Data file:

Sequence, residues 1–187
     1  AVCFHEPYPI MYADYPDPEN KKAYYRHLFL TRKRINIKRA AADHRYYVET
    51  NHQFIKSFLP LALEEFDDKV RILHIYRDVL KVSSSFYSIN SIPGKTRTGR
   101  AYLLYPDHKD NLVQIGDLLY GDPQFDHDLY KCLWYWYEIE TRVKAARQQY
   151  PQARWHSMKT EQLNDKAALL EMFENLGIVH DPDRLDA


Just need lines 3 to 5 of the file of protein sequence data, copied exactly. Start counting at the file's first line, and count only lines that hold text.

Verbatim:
    51  NHQFIKSFLP LALEEFDDKV RILHIYRDVL KVSSSFYSIN SIPGKTRTGR
   101  AYLLYPDHKD NLVQIGDLLY GDPQFDHDLY KCLWYWYEIE TRVKAARQQY
   151  PQARWHSMKT EQLNDKAALL EMFENLGIVH DPDRLDA